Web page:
keep in mind that most people are never satisfied & will b**** about the weather no matter what it is. in the summer, it's too hot. in the winter, it's too cold. I think most folks want Camelot, including rain only at night.

personally, I'm happy right here in N. FL. I know many of you will say it's too hot. But s***, it's too hot most places in the summer. and while I get it, the "oh, but it's a dry heat here, and it's too humid there" argument just doesn't cut it. It never gets as hot here as in many places, and if it does then it's just another reason to go swimming or kayaking.

But it's winter that seals the deal for me. I believe that much of the country north of here is uninhabitable for a good part of the year. I know that millions don't agree with that - for which I'm endlessly grateful. too many folks here in FL as it is. Snow is fun to play in, but I'd rather go to it than have it come to me.

anyway, early mornings and evenings are starting to cool off. quite pleasant to take the beast for a walk. I guess 'fall' is on the way.


623
The Pub / Re: New LOTR-Type Fantasy Novels
« on: September 28, 2010, 06:15:32 AM »
Got to mention the Kingkiller Chronicles by Patrick Rothfuss, though only the first book, The Name of the Wind, is out so far. Eagerly awaiting the rest. Awesome read, very creative & well written.

624
The Pub / Re: Gawd I need a Promotion
« on: September 27, 2010, 06:51:46 AM »
where would I find the number of posts required for the various levels?

625
on the topic of promoting craft beer to the Korean market..... as Denny said, that's beyond the scope of what the GC can do. It's beyond the scope of what the AHA can do ....on its own. But don't forget that the AHA is part of the BA umbrella. And this is not only within the scope of the BA, but it is actively working on promoting American craft beer on the world market. Perhaps not specifically to Korea, but certainly to Europe. And the scope of those efforts will likely widen as the initial efforts show some success.

It'd be great if the GC continues efforts to strenthen ties with our professional brethren. Those efforts were directly instrumental in the wildly successful ProAm category at the GABF. The GC rocks! Keep it up.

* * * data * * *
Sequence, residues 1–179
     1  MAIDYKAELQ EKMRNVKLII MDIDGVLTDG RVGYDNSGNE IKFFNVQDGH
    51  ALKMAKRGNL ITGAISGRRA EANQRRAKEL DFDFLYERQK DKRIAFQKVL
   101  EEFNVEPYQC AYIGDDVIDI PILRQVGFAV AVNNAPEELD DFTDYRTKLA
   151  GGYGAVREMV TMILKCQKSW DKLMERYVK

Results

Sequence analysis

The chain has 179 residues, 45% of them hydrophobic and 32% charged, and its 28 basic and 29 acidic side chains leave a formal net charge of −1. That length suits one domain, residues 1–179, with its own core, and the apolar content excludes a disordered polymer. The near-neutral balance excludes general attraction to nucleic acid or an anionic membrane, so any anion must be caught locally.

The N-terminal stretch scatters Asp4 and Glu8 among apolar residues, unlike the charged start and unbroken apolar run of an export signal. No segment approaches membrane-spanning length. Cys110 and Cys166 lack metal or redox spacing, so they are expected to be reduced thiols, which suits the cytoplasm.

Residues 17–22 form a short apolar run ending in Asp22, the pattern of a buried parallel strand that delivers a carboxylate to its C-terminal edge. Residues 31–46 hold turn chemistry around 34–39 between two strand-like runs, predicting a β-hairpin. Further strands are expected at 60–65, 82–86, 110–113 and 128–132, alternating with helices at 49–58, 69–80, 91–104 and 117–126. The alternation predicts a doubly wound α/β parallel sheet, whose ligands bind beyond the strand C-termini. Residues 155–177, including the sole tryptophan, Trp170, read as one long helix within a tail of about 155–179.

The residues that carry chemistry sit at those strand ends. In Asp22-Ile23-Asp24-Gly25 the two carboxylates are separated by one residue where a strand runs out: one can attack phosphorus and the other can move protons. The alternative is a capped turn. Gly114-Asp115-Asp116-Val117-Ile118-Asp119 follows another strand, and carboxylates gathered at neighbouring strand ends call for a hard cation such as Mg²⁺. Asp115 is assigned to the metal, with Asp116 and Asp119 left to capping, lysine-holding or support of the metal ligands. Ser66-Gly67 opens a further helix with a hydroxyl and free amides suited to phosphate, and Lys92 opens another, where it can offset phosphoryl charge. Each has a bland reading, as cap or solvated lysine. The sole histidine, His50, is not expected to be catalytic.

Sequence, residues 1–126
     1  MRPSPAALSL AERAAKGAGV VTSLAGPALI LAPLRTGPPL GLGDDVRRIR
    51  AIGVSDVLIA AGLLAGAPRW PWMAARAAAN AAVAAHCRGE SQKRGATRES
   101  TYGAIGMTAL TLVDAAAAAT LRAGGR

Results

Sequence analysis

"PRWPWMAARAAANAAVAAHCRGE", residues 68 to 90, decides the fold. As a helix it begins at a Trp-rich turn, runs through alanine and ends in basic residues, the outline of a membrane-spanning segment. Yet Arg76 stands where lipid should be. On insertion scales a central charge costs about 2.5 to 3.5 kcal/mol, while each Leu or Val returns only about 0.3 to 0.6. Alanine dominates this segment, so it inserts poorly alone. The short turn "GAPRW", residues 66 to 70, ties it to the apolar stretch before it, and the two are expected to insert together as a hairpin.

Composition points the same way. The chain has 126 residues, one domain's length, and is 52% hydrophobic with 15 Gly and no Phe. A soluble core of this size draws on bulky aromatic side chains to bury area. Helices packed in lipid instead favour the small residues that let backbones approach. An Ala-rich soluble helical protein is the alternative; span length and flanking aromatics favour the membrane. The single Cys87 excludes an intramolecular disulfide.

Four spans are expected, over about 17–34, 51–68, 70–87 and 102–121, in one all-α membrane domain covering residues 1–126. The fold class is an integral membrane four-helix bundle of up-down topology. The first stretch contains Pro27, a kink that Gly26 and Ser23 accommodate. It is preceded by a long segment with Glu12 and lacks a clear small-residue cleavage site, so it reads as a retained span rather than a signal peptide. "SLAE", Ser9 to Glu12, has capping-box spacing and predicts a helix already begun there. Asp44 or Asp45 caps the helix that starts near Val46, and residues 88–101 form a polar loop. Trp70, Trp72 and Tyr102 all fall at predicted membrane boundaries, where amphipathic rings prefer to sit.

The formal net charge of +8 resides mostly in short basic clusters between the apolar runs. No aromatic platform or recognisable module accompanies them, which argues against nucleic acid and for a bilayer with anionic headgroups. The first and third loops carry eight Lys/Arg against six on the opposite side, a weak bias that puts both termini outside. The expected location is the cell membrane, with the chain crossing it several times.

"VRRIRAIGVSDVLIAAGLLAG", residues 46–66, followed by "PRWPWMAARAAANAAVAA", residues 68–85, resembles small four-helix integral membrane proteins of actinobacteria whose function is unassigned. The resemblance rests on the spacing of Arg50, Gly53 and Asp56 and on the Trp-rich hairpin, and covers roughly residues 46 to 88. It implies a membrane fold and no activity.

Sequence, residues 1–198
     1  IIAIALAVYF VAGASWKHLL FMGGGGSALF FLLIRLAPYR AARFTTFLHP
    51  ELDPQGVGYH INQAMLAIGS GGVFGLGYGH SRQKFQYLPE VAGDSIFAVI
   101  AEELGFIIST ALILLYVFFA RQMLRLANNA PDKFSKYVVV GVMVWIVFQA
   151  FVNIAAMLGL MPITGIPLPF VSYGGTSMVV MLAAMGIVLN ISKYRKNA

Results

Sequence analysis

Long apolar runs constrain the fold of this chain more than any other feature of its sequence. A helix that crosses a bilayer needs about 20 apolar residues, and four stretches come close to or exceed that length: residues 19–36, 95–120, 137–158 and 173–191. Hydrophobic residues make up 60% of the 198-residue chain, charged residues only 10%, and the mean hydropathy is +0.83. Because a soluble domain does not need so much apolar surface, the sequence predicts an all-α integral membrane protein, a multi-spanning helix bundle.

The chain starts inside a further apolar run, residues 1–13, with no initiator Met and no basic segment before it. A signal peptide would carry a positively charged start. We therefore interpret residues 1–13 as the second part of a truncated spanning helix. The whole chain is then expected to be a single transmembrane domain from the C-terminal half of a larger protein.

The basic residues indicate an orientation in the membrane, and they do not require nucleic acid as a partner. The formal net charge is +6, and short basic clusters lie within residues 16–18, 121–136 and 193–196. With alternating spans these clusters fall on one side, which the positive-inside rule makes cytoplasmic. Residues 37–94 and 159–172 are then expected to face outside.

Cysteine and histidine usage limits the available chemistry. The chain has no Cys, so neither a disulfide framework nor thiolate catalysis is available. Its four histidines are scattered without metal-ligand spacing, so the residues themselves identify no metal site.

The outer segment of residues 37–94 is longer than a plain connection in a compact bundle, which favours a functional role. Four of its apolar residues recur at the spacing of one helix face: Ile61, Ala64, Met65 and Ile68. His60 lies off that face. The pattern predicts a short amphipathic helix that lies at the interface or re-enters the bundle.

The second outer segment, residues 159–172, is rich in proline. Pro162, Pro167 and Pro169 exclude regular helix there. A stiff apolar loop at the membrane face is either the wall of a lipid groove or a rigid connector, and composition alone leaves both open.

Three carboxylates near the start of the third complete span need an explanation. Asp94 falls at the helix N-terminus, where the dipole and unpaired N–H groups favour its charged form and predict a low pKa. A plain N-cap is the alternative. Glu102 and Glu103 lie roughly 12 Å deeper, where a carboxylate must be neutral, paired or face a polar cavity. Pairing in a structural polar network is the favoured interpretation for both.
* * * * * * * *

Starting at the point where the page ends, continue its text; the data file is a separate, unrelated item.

626
I also tried to brew a batch without grinding the grain. What made it worse was that it was at Big Brew. Our club always gets together at one home & we all brew batches together. I had already ground the grain for my batch, but someone came late & I gave them that grain & started to put together another kit. In my rush to get it done I measured accurately, but forgot to grind it. Didn't notice till I'd poured it into the tun.

As you can imagine, even though a number of years have passed, my buddies never forget to remind me about that. I tell them that it just lowers efficiency, and that's highly over-rated. They don't buy that Neither do I, but what else can ya say?

627
The Pub / Re: How Early would You Start Drinking on a Friday Afternoon?
« on: September 25, 2010, 05:06:26 AM »
good point about the palate being fresh in the morning. many commercial breweries run their QC tasting panels in the morning for that reason. now, they're working... but then you were tasting as well so no fault there.

there are so many points we could throw in to justify an early start......
Beer ..... it's not just for breakfast.
that great fiddle tune.... Whiskey Before Breakfast   
hell, haven't you ever started judging at a competition with a round of barleywines or imperial stouts?

bottom line, anything worth doing well is worth doing to excess. it's never too early.

628
The Pub / Re: Beer before Liquor...
« on: September 24, 2010, 05:19:21 AM »
hey, it's all alcohol. drink enough & it'll sneak up on you. the best thing is to know your own limits & respect them. though I certainly test/push those limits from time to time.

ditto on the water. the more alcohol you drink, the more important it is to hydrate. someone once told me that if you're doing heavy drinking, to try to alternate a glass of water between each drink. I never manage (or want) to do that, but I always try to drink water throughout the evening. it definitely helps.

629
The Pub / Re: Why Grammar is Important
« on: September 17, 2010, 04:26:24 AM »
and then there's always the plural plural for emphasis...... all y'all come back nao, ya heah?

630
Equipment and Software / Re: dead mouse in my carboy
« on: September 15, 2010, 04:16:54 AM »
Cock ale recipe came from a book from the mid 1600's called The Closet of the Eminently Learned Sir Kenelme Digby and involved aging a beer with rooster & spices. Google it if you want, I'm just not that interested in the recipe...... though if I had a dead mouse in my carboy (nice and aged at that) I might be tempted.... but probably not.